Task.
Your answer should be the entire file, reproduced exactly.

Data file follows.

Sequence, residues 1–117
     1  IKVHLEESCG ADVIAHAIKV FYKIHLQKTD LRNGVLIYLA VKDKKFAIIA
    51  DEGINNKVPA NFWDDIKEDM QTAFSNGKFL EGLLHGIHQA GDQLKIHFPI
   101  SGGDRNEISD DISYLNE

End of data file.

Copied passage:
Sequence, residues 1–117
     1  IKVHLEESCG ADVIAHAIKV FYKIHLQKTD LRNGVLIYLA VKDKKFAIIA
    51  DEGINNKVPA NFWDDIKEDM QTAFSNGKFL EGLLHGIHQA GDQLKIHFPI
   101  SGGDRNEISD DISYLNE